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Heterocyclic amines in cooked foods: Role in human health

Contract number : QLK1-1999-01197
Contract type : Shared Cost Project
Total cost : € 3.639.417
EC contribution : € 2.913.955
Starting date : 1/02/2000
Duration : 36 Months
Scientific Officer : Jürgen Lucas
Project website : ilct/hca/hca.html
Prof. Dr Kerstin Skog
Lunds Universitet
Applied Nutrition and Food Chemistry
Center of Chemistry and Chemical Engineering
Getingevägen 60
221 00 Lund
Tel.: +46-46-222 83 19
Fax: +46-46-222 45 32
E-mail: Kerstin.Skog @

Heterocyclic amines (HAs) are formed at ppb level during cooking of meat and fish. Epidemiological studies have shown a correlation between the intake of fried meat and cancer. The carcinogenicity of HAs has been shown in mice, rats and non-human primates. The human risk of HA intake is not clarified, but depends on the level of exposure, dietary factors influencing their uptake and biotransformation, and on the capacity of the individual to handle HAs. Exposure will be determined by new methods for analysis of HAs in foods and for biomarkers of internal and bioactive dose. Endogenous handling will be studied using cloning techniques; critical human enzymes and polymorphisms/genetic susceptibility in the bioactivation and detoxification of HAs and individual DNA repair capacity will be characterised. Exogenous dietary factors modifying the biological handling will be investigated.


The overall objective is to increase our understanding of the impact of exposure to heterocyclic amines on human health. Three major objectives can be identified: Improvement of (i) the assessments of exposure to HAs, (ii) the understanding of endogenous factors modifying the health effects of HAs, and (iii) the understanding of exogenous (dietary) factors modifying the health effects of HAs.

(expected) Results and achievements

Exposure: Analytical methods for the determination of HAs in foods have been optimised and harmonised. Preliminary results of the most popular meat and fish dishes in Austria and in Sweden show that the precursors content in the meat has a marked influence on the formation of HAs during cooking. An analytical method for PhIP in human hair as a long-term biomarker for exposure to HAs has been developed. Ametabolite of PhIP, 5-OH-PhIP, was found in urine of exposed rats. Urinary mutagenic activity was measured after ingestion of meat with a defined amount of HAs, and two HAs were identified. The induction of tumours in Min-mice by PhIP has been performed.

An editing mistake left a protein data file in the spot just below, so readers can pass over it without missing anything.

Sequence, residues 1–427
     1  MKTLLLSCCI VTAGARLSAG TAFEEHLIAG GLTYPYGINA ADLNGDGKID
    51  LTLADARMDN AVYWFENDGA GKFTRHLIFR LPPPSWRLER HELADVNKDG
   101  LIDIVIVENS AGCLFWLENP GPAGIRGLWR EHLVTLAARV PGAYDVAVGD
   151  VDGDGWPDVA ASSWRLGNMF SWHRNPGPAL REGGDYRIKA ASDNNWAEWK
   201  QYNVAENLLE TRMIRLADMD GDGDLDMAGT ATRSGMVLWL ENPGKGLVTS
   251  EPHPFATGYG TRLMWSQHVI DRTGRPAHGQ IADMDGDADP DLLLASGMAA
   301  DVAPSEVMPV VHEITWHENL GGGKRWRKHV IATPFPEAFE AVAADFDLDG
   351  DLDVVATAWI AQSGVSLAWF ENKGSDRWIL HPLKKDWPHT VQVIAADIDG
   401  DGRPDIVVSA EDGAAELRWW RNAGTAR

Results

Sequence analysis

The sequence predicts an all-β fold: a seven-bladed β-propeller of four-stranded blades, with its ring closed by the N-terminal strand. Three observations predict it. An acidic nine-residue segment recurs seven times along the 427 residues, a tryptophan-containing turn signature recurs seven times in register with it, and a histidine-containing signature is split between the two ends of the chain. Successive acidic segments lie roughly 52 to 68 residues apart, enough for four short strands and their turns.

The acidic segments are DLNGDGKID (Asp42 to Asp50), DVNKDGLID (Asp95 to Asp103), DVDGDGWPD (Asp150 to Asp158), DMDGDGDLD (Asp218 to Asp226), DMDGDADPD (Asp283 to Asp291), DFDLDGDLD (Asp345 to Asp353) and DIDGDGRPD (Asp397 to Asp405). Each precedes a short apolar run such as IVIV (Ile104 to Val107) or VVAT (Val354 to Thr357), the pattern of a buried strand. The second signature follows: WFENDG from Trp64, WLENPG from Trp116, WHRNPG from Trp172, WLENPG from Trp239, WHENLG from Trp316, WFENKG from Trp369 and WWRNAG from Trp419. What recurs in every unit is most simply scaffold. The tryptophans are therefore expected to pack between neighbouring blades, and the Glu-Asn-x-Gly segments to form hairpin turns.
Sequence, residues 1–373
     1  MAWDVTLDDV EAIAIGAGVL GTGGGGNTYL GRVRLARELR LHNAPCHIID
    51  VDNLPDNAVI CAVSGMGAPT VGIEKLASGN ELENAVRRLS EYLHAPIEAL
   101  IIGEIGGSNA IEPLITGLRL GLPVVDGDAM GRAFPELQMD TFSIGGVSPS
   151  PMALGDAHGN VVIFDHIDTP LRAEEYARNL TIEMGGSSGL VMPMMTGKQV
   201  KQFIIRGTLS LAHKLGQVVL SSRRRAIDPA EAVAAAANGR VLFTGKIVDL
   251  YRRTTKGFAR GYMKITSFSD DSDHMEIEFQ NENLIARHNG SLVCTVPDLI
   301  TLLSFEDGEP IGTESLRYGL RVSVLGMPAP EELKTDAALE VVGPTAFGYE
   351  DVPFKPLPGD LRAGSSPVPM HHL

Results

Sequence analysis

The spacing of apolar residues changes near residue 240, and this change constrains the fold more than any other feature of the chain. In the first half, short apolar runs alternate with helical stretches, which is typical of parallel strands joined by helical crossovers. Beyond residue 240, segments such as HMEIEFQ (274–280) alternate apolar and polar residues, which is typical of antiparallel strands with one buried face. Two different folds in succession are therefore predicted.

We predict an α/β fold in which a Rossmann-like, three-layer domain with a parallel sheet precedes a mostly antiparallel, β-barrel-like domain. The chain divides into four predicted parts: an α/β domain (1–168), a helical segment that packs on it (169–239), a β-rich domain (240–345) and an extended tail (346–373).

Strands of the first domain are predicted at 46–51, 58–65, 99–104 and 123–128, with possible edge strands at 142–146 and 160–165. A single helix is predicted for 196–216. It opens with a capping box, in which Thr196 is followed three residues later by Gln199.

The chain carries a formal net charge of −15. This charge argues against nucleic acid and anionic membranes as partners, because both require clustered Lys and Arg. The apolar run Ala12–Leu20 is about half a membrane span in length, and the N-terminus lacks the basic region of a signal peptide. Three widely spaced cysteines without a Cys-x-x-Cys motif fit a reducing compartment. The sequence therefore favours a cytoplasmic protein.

Endogenous factors: V79 cell lines that co-express human enzymes have been genetically engineered and used to study the mutagenicity of HAs. Genotoxicity of HAs has been investigated with special emphasis on aminocarbolines in short-term tests. The metabolism of MeA€C has been studied in hepatic microsomes from rats and from humans. The mutagenicity of extracts of fried foods was studied through incubation with Lactobacillus strains. Germ-free rats were inoculated with human intestinal microflora and fed a standard or an experimental diet for four weeks to determine the genotoxic response.

Exogenous factors: New genetically altered V-79 cells have been used in two test systems, and it was possible to obtain positive effects with HAs. An improved protocol for the measurement of PhIP-induced DNA damage in mice and rats was established. Effects of Brassica vegetables on IQ induced liver foci in rats were studied; it is possible to use this method to investigate protective effects of vegetables. The effect of Brussels sprouts on urinary mutagenicity, induced by hamburgers, was monitored in a HA sensitive Salmonella strain. Preliminary findings showed that the HA induced effects decline after consumption of the vegetables.


Graz University of Technology
Department of Food Chemistry and Technology
Petersgasse 12/2
8010 Graz
Umweltmedizin Hamburg e.V.
Arbeitsgruppe für Toxikologie und Umweltmedizin
Vogt-Kölln-Straße 30
22527 Hamburg

Universitat de Barcelona
Departamento de Química Analítica
Marti i Franques, 1-11
08028 Barcelona
Danish Veterinary and Food Administration
Institute of Food Safety & Toxicology
Mørkhøj Bygade 19
2860 Søborg
National Institute of Public Health
Department of Environmental Medicine
PO Box 4404
0403 Oslo
Institute for Cancer Research
Environmental Toxicology Group
Borschkegasse 8A
1090 Vienna
Deutsches Institut für Ernährungsforschung
Abteilung Ernährungstoxikologie
Arthur-Scheunert-Allee 114-116
14558 Bergholz-Rehbrücke
Johannes Gutenberg Universität Mainz
Abteilung für Hygiene und Umweltmedizin
Obere Zahlbacher Straße 67
55131 Mainz
University of Vienna
Institute of Analytical Chemistry
Währingerstraße 38
1090 Wien

Fifth Framework Programme

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